At semi-regular intervals, she spoke to save her life, or something like it.
Saturday, April 27, 2002
With my cat slumbering noisily in my lap and waking at odd intervals to nuzzle and drool into my armpit, I write in a post vodka-addled haze. We went to Bats last night, aka Release the Bats *said with a kind of maniacal booming voice*.
They played a Birthday song and that was basically the high point of the evening, music-wise, though they also played the Chameleons, which was a good thing. Whenever I hear The Birthday Party, I think of my friend Drucilla Blood. (I have to figure out how to link to other sites and Blogs. I mean, easier than going and coding in the template.) She made me all these tapes of Nick Cave and The Birthday Party, among others, when we were in high school. She's this amazing writer and inspiring Mom, too.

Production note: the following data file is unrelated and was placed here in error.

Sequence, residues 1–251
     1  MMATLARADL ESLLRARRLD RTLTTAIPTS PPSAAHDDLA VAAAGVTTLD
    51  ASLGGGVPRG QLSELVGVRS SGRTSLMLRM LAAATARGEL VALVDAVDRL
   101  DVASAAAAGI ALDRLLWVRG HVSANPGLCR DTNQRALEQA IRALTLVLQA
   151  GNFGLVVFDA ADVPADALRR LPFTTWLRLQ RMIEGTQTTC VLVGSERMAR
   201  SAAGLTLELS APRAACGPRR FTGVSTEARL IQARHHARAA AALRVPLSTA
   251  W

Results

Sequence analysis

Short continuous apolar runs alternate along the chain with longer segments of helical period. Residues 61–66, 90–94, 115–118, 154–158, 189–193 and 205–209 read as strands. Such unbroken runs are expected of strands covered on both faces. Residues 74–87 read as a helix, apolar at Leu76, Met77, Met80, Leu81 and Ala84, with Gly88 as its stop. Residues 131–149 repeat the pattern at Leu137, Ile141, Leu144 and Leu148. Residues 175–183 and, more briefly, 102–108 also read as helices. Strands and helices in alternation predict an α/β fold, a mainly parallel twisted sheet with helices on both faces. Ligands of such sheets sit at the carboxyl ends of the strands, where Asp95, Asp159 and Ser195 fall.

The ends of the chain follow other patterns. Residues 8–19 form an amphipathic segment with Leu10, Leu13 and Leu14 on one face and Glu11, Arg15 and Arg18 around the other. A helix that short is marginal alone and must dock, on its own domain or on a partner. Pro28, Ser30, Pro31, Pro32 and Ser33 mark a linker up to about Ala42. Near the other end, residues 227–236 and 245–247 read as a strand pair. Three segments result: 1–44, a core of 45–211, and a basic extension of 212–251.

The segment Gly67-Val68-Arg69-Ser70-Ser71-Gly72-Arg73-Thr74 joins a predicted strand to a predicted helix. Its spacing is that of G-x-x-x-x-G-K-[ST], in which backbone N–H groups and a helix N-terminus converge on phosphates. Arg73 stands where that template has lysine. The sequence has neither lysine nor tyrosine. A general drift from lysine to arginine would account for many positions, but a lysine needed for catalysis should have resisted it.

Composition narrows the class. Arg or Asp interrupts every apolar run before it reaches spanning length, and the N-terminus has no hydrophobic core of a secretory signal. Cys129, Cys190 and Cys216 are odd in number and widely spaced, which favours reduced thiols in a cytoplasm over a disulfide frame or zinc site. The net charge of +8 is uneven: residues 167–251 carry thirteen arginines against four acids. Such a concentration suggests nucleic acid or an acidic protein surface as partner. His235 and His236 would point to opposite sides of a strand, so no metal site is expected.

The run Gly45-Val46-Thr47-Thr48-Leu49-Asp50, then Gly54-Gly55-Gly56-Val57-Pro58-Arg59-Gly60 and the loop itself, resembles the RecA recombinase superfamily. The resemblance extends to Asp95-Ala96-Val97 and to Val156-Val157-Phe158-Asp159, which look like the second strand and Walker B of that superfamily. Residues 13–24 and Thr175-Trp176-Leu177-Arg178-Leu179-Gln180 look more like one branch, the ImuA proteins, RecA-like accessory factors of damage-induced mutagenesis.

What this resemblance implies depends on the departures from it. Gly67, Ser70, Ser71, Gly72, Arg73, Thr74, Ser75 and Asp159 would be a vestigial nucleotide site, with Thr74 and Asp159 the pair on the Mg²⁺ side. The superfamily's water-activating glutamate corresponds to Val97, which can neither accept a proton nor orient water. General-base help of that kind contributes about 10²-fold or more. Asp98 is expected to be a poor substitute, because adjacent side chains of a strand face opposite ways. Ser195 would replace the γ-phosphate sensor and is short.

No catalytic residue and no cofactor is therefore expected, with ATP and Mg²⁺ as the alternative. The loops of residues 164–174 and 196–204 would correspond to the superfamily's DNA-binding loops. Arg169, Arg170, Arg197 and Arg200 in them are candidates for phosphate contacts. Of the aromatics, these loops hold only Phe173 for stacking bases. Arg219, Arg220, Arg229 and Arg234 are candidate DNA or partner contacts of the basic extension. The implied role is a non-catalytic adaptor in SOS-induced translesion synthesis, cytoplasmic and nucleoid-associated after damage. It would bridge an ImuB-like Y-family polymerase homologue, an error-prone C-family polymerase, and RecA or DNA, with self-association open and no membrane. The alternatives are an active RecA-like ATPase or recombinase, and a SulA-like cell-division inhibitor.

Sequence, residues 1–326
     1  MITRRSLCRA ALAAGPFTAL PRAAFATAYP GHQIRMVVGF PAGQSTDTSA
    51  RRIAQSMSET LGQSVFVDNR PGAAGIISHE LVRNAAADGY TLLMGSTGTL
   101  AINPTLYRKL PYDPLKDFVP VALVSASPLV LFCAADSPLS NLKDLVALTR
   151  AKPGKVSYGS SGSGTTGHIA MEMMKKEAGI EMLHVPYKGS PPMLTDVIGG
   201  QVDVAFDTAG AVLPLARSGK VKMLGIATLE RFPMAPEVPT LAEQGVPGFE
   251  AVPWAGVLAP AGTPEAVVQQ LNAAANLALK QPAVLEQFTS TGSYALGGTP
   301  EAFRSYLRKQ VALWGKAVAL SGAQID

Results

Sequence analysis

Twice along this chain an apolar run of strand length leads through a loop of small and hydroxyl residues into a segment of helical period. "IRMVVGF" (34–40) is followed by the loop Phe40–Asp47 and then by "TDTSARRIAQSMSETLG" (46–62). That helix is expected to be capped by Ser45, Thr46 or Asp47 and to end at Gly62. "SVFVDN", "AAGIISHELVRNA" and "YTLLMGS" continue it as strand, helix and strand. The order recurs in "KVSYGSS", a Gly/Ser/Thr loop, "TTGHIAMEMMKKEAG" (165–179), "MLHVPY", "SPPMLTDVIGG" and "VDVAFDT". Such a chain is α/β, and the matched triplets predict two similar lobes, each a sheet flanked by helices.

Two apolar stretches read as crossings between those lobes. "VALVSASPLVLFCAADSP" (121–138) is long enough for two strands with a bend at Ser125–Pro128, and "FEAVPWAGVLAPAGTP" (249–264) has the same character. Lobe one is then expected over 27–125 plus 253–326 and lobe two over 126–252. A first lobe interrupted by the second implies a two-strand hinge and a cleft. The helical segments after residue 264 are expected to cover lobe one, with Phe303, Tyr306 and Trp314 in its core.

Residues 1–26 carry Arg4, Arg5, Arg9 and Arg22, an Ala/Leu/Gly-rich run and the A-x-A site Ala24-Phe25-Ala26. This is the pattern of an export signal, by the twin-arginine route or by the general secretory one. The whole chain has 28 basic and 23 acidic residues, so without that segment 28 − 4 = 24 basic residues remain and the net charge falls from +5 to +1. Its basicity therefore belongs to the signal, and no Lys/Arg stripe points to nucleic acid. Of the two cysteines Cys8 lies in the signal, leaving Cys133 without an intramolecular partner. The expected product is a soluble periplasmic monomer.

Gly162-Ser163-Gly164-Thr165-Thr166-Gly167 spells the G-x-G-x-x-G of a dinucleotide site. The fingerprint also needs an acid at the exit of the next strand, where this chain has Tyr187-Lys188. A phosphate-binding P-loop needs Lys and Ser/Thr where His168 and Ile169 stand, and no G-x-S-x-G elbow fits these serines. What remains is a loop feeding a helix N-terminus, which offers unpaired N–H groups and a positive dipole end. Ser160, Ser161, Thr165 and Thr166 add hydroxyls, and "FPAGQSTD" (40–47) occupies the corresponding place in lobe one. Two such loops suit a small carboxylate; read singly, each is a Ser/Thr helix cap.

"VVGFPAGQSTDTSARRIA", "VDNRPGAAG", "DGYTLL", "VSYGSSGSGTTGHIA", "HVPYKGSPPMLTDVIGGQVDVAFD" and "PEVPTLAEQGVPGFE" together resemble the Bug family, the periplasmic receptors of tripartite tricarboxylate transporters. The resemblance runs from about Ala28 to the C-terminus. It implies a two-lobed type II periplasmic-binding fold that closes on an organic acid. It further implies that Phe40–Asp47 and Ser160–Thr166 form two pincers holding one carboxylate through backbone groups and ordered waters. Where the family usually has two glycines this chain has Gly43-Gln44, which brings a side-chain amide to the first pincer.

But as a side note, this student of mine went to the Ukraine on business (don't ask me, 'cause I don't know) and brought me back a pirated CD set of all of Nick Cave's recordings, including The Birthday Party. Plus the disc has lyric sheets and pictures, and their all packaged with Cyrillic writing, which makes it so incredibly cool.
Ok, back to last night. You don't want to know what I was wearing last night. It's always unimaginative. But M, however, always looks amazing. Yesterday he found this HUGH necklace with a wild cat's head formed with nacreous shells. So he wore that with his lurex sweater, velvet pants, blue eyeshadow and clove lipsitck. *Be still my heart*.